The Book of Life
By Yvonne Condes,
Common Sense Media Reviewer
Common Sense Media Reviewers
Beautifully animated film has some scary imagery.
A Lot or a Little?
What you will—and won't—find in this movie.
Kids will learn the cultural traditions of the Day of the Dead and what it was like to live in an old Mexican town without technology.
There's an ongoing message that doing what's right is more important than other people's expectations of you. When Manolo goes to the underworld, he learns that he's part of a bigger world. On the Day of the Dead, family members that have died are honored and remembered in a big celebration.
Positive Role Models
Manolo is pressured to be as great a bullfighter as his father and other ancestors were, but he defies them by not killing the bull in the ring because it’s wrong. His kindness and integrity end up saving him in the end. Maria is strong and self-sufficient; at first, she won't be pressured into marrying Joaquin just because her father wants her to and everyone in town admires him. Joaquin is egotistical and keeps a great secret about how he came to be the town's invincible hero. Xibalba is a classic villain who will stop at nothing to trade places with La Muerte.
Violence & Scariness
Potentially scary imagery/pervasive death references (skeletons, beheaded figures, etc.) throughout the movie. Manolo fights real-life bulls, and, near the end, he also fights a scary demon bull the size of a building. Xiabalba, the king of the underworld, is scary and makes loud frightening movements that could scare some children. Manolo dies and becomes a skeleton figure and reunites with his dead ancestors, including his mother. His grandfather has his head chopped off, and Manolo's mother carries it around. Maria and Manolo are bitten by a snake that transforms from a cane. There's a battle scene at the end with punching and sword fighting. Joaquin, the town hero, fights throughout the movie. Manolo and Joaquin get in a slap fight over Maria. Throughout the movie, there are little scares where characters jump out or react loudly. At the beginning of the movie, children visiting a museum are taken through a magical door to a secret room.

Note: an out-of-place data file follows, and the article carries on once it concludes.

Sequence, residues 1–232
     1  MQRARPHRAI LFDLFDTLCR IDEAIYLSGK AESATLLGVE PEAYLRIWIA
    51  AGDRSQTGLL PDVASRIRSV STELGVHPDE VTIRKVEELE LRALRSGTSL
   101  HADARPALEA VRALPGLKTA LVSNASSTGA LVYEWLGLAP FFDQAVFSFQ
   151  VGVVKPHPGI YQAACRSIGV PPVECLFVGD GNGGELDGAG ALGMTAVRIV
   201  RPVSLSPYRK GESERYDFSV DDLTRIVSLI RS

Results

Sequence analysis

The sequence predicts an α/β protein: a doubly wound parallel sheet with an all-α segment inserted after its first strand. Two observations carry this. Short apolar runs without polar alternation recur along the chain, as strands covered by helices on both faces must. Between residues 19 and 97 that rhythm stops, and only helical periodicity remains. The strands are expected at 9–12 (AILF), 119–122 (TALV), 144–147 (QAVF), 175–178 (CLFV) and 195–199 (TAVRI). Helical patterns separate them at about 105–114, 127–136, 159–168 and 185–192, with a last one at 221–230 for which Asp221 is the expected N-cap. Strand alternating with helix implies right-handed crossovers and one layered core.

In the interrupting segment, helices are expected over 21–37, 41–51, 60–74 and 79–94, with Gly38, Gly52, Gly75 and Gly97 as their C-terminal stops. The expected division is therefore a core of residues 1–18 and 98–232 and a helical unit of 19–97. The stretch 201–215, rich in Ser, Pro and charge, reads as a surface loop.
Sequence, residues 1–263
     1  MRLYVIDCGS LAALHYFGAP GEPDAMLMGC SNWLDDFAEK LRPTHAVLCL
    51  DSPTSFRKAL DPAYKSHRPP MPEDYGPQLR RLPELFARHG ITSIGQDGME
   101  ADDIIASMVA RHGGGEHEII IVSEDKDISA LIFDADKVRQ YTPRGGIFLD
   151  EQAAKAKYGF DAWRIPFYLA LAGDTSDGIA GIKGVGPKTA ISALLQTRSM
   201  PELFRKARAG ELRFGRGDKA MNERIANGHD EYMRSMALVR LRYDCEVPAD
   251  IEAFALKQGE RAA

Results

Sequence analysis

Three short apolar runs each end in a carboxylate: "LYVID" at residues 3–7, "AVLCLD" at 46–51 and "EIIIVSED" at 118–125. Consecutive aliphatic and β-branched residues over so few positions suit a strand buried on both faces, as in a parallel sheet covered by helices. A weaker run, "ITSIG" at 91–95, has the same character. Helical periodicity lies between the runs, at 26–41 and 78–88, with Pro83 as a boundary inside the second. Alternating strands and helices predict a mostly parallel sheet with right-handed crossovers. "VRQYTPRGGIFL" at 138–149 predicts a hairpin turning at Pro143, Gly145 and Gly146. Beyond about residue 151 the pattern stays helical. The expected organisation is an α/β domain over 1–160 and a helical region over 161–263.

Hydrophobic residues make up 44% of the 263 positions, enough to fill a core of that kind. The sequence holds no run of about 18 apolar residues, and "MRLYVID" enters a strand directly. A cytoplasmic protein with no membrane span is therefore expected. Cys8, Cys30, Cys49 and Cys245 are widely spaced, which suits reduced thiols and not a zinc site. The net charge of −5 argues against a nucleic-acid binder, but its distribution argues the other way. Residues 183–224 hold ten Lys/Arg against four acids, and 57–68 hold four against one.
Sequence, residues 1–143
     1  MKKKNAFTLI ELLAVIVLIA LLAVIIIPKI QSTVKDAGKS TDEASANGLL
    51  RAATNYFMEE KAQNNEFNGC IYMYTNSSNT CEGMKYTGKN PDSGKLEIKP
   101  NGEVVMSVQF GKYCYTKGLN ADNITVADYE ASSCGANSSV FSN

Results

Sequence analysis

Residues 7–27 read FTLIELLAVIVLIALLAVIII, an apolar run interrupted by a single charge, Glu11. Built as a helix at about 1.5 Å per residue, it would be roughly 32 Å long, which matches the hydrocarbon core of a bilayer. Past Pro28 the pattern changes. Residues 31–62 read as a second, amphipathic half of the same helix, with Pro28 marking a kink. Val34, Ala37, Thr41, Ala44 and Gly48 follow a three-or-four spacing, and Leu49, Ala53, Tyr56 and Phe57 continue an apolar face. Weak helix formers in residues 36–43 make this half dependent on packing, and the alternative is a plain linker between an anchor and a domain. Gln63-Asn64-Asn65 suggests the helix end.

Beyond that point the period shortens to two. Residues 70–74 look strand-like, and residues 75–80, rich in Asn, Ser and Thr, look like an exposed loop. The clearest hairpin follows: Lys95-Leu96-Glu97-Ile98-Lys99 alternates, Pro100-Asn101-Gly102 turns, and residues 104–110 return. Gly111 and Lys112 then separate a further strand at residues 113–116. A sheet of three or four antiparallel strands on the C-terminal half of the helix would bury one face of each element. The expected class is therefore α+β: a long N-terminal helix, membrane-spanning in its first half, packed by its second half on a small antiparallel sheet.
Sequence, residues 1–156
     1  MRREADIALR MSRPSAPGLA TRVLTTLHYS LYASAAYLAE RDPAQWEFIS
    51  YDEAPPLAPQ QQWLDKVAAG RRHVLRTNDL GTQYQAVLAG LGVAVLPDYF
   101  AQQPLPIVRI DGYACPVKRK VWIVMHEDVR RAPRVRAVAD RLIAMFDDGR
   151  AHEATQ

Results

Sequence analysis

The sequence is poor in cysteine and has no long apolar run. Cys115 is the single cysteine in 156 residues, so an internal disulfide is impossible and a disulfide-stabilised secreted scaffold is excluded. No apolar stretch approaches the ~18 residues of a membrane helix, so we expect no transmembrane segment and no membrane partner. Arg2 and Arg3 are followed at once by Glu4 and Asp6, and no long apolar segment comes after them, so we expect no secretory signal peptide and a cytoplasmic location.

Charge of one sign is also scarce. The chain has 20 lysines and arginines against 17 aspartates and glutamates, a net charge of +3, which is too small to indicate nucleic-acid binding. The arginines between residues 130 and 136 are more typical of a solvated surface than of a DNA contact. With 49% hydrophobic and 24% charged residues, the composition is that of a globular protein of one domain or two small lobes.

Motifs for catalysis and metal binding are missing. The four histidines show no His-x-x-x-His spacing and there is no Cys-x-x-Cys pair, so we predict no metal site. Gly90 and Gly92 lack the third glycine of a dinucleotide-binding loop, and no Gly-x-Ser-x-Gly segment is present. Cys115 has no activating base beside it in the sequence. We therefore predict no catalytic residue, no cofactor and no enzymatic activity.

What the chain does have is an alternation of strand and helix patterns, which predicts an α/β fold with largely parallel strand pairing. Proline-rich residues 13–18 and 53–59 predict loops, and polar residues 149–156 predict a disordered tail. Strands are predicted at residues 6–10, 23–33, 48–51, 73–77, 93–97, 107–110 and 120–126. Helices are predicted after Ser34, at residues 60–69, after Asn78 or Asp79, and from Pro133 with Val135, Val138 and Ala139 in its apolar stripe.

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Sex, Romance & Nudity
Manolo and Joaquin are both in love with Maria. They try to kiss her several times, and Manolo eventually does. Manolo's mariachi friends sing "If You Think I'm Sexy" and "Just a Friend" to help Manolo court Maria.
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Words like "kick his butt" and insults like "lazy bum." Some kids are called "detention kids."
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Products & Purchases
There's no consumerism in the film, which is set in the past, but there are tie-in marketing deals for clothing, jewelry, toys, etc.
Drinking, Drugs & Smoking
There's drinking, but it's not clear what's being consumed.
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Parents Need to Know
Parents need to know that The Book of Life is a refreshingly original animated film that takes viewers to the underworld and back. Smaller children might find the scenes in the Land of the Remembered scary, especially those featuring the king of the underworld, Xibalba (who's named after the Mayan name for the realm of the dead). The characters in the Land of the Remembered are traditional Day of the Dead figures, which are skeletons in brightly colored clothing. One dead character's head is separate from his body. There are some bullfighting scenes and battle sequences that are a little violent, and things get somewhat darker when the action shifts to the underworld (there's a demonic bull surrounded by fire). Expect a little bit of kissing and a few insults ("kick his butt," "lazy bum"), too. But the fun definitely outweighs the scary/iffy parts, and ultimately this is a vibrant, colorful movie about doing the right thing and the importance of family -- messages that can be appreciated by both kids and parents. It's also an invitation to explore and learn more about Mexican culture, from the details of the Day of the Dead celebrations to legendary creatures like Chupacabras.